A healthy financial services sector helps millions of people get the money they need in loans for mortgages, cars, and other necessities. It also enables individuals to save for retirement and other goals, and protects their property, possessions, and health through insurance. Financial services companies are a vital part of the economy, and their employees provide valuable, well-paying jobs for many Americans.
Financial services help put savings to productive use, whether by investing in the next big thing, allowing people to buy the things they need, or simply taking on and sharing risk. Intermediaries, such as banks, connect savers with borrowers; they monitor investments and redistribute risk by aggregating deposits and loans so that one person’s loss isn’t crippling for the whole institution.
This industry encompasses many different kinds of businesses, including depository institutions (like credit unions and banks), providers of investment products like stocks and bonds, insurance companies, and others. It also includes the critical financial utilities that support them, such as payment systems and networks. This industry depends on a great deal of trust, which means that consumers must have confidence in the products and services they are getting, and in the people they are dealing with.
There are a wide variety of jobs in this field, ranging from entry-level positions to roles that require extensive experience and education. For example, a person with an MBA can find work in the business consulting segment of financial services, while a degree in computer science or mathematics can be helpful for software engineering or data analysis. In addition, some jobs in this sector require a specific license, such as a broker’s license.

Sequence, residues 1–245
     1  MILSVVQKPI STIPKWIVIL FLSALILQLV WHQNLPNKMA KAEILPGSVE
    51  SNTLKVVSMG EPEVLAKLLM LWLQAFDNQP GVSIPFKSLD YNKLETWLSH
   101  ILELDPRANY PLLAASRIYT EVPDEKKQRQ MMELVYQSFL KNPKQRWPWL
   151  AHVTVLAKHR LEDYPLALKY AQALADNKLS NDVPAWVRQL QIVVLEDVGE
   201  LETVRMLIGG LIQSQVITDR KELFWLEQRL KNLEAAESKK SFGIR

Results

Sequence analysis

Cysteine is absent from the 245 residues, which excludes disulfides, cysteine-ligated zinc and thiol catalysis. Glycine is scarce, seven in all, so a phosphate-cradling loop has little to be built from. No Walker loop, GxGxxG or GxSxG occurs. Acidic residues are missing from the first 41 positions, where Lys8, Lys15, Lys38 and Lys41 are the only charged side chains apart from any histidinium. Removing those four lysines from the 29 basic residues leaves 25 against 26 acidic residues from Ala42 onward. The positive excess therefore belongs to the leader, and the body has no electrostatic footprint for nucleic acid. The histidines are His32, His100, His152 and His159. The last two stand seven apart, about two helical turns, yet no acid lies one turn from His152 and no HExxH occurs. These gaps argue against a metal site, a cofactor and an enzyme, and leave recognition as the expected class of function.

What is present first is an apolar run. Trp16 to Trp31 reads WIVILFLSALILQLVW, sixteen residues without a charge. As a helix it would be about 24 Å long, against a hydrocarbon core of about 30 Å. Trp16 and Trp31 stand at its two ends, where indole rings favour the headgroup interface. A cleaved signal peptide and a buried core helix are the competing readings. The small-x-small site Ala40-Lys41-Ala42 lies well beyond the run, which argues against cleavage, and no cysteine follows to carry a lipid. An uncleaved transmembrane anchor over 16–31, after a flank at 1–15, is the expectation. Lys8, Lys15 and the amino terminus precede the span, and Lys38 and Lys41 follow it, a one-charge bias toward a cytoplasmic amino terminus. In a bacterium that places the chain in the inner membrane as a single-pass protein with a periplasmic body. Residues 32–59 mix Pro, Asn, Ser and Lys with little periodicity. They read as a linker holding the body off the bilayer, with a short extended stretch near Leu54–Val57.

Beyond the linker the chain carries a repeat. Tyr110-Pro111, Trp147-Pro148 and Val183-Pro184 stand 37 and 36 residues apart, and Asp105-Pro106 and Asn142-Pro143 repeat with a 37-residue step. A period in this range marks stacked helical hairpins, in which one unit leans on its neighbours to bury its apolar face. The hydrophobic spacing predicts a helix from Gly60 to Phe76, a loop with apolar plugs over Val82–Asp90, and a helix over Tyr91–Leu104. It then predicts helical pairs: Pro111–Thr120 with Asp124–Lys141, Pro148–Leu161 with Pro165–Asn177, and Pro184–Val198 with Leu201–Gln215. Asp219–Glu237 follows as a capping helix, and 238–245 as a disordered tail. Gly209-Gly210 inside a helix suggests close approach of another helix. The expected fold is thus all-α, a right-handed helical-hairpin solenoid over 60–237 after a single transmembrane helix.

The best place to start when choosing a career in financial services is to consider your own skill set and what you enjoy doing. Then research the various job options to understand what kind of educational background and training is needed for each position.
It is possible to work in many different segments of the financial services industry without having a college degree, and this can be an attractive option for young people just entering the workforce. In fact, entry-level jobs in financial services often offer more intensive training and mentoring than other industries. This early exposure to responsibility can be a powerful career boost.
As the financial services industry evolves, it is important for customer service professionals to be able to keep up with customer demands. Customers expect to be able to access customer service on their preferred channels, and they want a personalized experience that is fast and easy to navigate. In order to provide this level of service, organizations should be leveraging technology that can be scaled quickly and easily as new digital channels become popular. This will enable them to quickly bring financial services to their customers, rather than forcing customers to come to them. This will help them build loyalty and long-term value with their customers.